Mary Had a Little Lamb

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This article is about the nursery rhyme. For other uses, see Mary Had a Little Lamb (disambiguation).
"Mary Had a Little Lamb"
Roud #7622
Mary had a little lamb 2 - WW Denslow - Project Gutenberg etext 18546.jpg
Mary and her lamb at school, according to William Wallace Denslow
Written USA
Published May 24, 1830
Form Nursery rhyme
Writer(s) Sarah Josepha Hale/John Roulstone
Language English
William Wallace Denslow's illustrations for Mary had a little lamb, from a 1901 edition of Mother Goose
The Redstone School (1798), now in Sudbury, Massachusetts, is believed to be the schoolhouse mentioned in the nursery rhyme.
Inside the schoolhouse

"Mary Had a Little Lamb" is an English language nursery rhyme of nineteenth-century American origin. It has a Roud Folk Song Index number of 7622.


The nursery rhyme was first published by the Boston publishing firm Marsh, Capen & Lyon, as an original poem by Sarah Josepha Hale on May 24, 1830, and was inspired by an actual incident.[1]

As a young girl, Mary Sawyer (later Mary Tyler) kept a pet lamb that she took to school one day at the suggestion of her brother. A commotion naturally ensued. Mary recalled: "Visiting school that morning was a young man by the name of John Roulstone, a nephew of the Reverend Lemuel Capen, who was then settled in Sterling. It was the custom then for students to prepare for college with ministers, and for this purpose Roulstone was studying with his uncle. The young man was very much pleased with the incident of the lamb; and the next day he rode across the fields on horseback to the little old schoolhouse and handed me a slip of paper which had written upon it the three original stanzas of the poem..."[2]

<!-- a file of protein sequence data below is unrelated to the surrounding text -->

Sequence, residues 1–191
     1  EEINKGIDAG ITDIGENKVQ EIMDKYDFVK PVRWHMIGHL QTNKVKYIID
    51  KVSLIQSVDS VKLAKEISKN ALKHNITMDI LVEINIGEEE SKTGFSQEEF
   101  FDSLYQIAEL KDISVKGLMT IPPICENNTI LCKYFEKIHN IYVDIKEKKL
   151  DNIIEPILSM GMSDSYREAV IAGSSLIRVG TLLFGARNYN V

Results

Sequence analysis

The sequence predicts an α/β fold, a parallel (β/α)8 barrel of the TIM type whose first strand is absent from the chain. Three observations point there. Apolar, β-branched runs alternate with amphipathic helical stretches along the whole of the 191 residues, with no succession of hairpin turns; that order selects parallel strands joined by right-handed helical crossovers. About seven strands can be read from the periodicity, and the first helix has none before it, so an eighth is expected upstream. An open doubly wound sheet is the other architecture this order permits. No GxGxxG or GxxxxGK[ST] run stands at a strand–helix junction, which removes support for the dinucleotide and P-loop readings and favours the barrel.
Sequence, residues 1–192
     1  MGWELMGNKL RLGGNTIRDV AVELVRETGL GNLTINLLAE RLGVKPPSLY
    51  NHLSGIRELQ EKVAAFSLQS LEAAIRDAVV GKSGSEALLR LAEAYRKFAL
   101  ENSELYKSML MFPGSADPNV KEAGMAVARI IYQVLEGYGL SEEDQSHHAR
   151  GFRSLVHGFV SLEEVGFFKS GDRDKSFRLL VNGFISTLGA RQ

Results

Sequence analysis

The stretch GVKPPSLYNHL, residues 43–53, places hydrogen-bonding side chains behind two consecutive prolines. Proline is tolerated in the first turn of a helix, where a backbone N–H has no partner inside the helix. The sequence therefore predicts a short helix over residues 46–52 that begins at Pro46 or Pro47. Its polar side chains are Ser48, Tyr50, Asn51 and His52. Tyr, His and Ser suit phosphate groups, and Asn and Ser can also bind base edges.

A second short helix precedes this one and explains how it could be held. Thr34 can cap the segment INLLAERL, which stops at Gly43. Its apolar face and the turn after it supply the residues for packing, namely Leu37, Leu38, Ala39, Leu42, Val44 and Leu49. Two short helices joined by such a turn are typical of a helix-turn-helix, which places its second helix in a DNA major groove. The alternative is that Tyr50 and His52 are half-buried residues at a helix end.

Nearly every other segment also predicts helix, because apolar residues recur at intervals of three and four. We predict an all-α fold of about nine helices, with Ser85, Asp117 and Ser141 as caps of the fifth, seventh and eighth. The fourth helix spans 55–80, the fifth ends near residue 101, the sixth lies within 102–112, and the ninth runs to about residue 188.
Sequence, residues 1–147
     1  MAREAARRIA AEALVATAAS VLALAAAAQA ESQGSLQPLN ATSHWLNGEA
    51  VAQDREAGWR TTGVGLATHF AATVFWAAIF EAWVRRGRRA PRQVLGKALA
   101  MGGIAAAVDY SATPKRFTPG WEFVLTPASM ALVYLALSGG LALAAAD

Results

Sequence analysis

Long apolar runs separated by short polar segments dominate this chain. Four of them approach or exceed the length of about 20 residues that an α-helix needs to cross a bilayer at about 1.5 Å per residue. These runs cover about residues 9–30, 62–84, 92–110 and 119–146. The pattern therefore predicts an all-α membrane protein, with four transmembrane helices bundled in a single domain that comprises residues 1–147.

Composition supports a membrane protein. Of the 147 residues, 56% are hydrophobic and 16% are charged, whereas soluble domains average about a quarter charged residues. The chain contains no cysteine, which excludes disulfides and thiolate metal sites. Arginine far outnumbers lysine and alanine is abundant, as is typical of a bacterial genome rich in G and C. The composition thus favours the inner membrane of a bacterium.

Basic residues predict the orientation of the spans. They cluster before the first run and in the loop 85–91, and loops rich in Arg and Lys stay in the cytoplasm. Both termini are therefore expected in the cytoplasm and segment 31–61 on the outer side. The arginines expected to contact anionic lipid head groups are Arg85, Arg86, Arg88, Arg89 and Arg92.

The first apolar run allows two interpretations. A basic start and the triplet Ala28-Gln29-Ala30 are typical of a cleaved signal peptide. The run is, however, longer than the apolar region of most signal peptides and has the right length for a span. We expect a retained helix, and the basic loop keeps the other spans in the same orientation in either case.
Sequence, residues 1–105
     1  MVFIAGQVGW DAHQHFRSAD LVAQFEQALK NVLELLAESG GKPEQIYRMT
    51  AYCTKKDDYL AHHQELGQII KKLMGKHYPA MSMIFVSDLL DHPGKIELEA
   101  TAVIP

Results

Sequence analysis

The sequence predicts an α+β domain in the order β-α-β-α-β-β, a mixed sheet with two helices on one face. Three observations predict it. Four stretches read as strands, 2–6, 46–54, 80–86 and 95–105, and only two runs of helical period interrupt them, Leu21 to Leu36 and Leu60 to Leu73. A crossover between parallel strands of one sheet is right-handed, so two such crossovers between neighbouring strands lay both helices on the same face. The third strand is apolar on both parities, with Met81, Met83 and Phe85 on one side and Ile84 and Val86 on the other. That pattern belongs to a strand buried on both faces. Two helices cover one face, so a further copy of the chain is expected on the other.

There are two competing theories on the origin of this poem. One holds that Roulstone wrote the first four lines and that the final twelve lines, less childlike than the first, were composed by Sarah Josepha Hale; the other is that Hale was responsible for the entire poem.[3]

Mary Sawyer's house, located in Sterling, Massachusetts, was destroyed by arson on August 12, 2007.[4] A statue representing Mary's Little Lamb stands in the town center.[5] The Redstone School, which was built in 1798, was purchased by Henry Ford and relocated to a churchyard on the property of Longfellow's Wayside Inn in Sudbury, Massachusetts.

The rhyme is also famous for being the first thing recorded by Thomas Edison on his newly invented phonograph in 1877.[6] It was the first instance of recorded verse.[6] In 1927, Edison reenacted the recording, which still survives.[7] The earliest recording (1878) was retrieved by 3D imaging equipment in 2012.[8]